Darwin is extremely hot and humid (though not quite as hot as Kakadu, where it was in the high 30's/low 40's on some days), meaning that when we've not been in the lovely air-conditioned library using the free wi-fi, we've been sunbathing by the hostel pool or swimming in the outdoor pool near the amusingly named 'Fannie Bay'!
We went to an excellent evening market last week which was on Mindil beach. It had live bands, stalls selling every kind of international food imaginable, arts and craft stalls and cheap clothes too. We bought delicious curry, then ate it on the beach as the sun set over the sea and the band played in the background. It made us feel really privileged just to be there, soaking up the carnival atmosphere! We enjoyed it so much that we went back the following Thursday for the last market of the season, which ended with a bang! We sat on the dark beach with hundreds of others and enjoyed a spectacular firework display.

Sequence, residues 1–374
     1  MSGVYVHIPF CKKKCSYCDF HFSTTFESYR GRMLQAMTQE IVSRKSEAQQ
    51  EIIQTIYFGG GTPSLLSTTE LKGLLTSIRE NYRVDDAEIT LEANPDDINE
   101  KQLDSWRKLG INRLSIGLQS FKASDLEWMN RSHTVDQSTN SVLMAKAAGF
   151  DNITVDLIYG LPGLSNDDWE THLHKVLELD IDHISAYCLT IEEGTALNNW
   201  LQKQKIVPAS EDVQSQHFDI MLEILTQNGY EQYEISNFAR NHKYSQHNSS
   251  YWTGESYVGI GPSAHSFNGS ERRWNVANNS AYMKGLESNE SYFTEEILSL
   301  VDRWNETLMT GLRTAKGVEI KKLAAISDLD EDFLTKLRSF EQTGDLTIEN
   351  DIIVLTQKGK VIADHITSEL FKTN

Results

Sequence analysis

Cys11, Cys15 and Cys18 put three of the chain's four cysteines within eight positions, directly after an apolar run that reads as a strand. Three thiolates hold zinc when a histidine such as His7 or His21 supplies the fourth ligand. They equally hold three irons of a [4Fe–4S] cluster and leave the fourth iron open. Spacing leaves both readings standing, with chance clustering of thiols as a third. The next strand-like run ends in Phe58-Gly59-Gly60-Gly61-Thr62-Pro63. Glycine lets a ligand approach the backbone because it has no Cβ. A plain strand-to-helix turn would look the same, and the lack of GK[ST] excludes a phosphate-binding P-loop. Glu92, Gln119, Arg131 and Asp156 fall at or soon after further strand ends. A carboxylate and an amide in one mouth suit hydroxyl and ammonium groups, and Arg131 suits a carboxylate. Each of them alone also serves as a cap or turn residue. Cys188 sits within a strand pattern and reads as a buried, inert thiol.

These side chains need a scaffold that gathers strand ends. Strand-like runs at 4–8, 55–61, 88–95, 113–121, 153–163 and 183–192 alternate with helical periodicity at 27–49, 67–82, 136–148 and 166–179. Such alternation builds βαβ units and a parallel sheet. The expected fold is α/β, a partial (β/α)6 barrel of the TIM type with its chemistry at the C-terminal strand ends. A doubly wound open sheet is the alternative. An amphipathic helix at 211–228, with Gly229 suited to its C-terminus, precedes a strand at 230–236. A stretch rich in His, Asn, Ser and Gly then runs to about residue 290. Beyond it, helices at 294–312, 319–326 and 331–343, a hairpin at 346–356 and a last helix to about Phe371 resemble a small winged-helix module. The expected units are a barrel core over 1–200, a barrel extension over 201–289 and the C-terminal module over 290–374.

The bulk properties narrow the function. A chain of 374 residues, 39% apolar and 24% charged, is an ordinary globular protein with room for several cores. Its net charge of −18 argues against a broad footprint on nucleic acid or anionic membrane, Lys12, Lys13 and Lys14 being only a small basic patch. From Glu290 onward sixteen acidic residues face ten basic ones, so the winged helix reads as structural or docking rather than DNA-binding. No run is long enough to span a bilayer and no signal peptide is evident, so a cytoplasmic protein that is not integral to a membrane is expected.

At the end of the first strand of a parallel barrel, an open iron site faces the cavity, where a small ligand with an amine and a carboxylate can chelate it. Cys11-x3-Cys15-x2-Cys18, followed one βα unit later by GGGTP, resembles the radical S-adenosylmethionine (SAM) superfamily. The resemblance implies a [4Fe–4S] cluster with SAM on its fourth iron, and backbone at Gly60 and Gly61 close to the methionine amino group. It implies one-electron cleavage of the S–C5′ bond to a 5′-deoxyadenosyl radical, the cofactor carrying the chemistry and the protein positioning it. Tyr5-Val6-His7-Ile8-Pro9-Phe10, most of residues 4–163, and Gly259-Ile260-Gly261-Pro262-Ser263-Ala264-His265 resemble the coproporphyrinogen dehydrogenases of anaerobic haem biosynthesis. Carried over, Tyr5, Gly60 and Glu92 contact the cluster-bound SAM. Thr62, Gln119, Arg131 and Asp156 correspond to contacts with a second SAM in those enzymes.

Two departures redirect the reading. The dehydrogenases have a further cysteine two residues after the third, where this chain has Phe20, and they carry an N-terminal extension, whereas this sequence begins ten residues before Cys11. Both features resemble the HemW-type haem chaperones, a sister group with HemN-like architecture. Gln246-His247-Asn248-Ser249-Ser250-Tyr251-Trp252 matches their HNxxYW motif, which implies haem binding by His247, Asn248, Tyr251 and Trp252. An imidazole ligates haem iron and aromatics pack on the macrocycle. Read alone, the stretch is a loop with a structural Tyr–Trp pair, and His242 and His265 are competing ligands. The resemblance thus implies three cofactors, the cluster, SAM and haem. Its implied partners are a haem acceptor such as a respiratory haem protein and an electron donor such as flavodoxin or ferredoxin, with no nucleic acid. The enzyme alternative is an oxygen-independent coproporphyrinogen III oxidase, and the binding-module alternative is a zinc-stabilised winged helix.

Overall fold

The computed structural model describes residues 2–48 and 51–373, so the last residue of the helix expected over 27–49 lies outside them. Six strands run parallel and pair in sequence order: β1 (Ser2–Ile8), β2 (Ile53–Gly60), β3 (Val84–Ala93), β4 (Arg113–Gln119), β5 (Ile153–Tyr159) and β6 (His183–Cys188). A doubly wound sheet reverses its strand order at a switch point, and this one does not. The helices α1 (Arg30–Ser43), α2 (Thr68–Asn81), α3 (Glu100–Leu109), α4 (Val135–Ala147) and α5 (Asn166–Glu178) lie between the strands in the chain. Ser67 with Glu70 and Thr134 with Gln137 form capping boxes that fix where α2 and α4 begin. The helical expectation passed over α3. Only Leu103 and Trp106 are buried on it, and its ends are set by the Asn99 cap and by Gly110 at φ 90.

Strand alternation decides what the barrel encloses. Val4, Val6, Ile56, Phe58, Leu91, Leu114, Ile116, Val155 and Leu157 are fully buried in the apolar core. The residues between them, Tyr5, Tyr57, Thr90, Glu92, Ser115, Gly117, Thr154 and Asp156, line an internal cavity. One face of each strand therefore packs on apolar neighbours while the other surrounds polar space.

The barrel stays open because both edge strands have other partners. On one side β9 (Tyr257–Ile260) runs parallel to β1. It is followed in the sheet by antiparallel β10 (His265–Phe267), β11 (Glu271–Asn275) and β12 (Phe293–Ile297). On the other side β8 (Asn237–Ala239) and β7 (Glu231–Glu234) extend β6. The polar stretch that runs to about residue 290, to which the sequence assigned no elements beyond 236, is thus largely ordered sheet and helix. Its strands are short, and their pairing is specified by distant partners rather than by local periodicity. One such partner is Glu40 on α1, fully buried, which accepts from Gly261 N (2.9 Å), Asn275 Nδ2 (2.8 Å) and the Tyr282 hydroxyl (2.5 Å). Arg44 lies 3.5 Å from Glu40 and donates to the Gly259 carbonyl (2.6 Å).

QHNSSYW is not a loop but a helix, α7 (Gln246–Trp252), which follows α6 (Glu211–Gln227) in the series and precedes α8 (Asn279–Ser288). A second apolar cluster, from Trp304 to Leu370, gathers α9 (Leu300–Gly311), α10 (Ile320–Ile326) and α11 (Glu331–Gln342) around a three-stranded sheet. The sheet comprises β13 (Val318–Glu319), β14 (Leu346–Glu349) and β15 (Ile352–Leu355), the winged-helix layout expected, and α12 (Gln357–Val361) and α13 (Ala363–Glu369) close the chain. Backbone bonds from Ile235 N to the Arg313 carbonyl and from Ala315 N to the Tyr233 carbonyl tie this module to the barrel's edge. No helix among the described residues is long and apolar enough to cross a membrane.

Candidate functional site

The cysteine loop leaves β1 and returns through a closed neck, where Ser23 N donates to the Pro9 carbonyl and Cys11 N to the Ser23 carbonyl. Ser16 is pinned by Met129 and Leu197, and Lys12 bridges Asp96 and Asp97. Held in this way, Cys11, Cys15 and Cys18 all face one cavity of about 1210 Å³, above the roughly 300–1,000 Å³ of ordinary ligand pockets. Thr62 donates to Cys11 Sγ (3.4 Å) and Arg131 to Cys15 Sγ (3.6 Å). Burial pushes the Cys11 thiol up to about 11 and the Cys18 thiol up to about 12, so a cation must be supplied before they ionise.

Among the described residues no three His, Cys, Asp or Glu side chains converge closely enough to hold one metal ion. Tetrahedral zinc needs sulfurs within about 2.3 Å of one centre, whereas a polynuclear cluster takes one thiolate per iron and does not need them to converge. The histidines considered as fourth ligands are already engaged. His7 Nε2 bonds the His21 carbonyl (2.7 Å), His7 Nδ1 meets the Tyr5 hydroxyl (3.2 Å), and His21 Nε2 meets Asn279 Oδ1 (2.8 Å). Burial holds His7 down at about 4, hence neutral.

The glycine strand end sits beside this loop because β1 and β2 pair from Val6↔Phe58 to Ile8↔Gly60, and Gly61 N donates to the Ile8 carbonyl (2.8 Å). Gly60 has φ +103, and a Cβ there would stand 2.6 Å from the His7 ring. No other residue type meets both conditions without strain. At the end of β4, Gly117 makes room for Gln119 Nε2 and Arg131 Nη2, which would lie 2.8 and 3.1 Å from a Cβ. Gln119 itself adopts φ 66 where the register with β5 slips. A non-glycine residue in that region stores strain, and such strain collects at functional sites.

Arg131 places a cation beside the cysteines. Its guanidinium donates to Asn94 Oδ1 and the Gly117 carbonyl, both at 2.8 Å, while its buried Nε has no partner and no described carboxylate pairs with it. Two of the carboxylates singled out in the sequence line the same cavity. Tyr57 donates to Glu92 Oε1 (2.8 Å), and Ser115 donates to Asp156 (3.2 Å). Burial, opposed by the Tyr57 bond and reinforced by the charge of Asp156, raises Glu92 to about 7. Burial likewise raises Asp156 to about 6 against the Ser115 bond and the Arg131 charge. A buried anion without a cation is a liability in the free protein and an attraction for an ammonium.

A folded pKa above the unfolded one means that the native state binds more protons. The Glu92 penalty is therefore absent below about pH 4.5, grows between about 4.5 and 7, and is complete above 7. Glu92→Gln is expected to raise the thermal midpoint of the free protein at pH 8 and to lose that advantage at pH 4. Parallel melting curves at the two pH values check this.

We also went to a fantastic open-air cinema on Saturday night, watching Balibo and the Stone Brothers under the stars while sitting on deck chairs and spotting the occasional bat fly across the full moon above (it was Halloween after all!).
We've booked our hotel in Singapore, it's a little more expensive than our daily budget allows for, but we've got a surplus now and wanted to ease our way gently into our Asian experience - it's going to be a little more challenging than the countries we've visited so far (except perhaps Fiji) and so didn't want to start off staying somewhere that wasn't a sanctuary when we need to get away from all the hustle and bustle!
So it's next stop Singapore!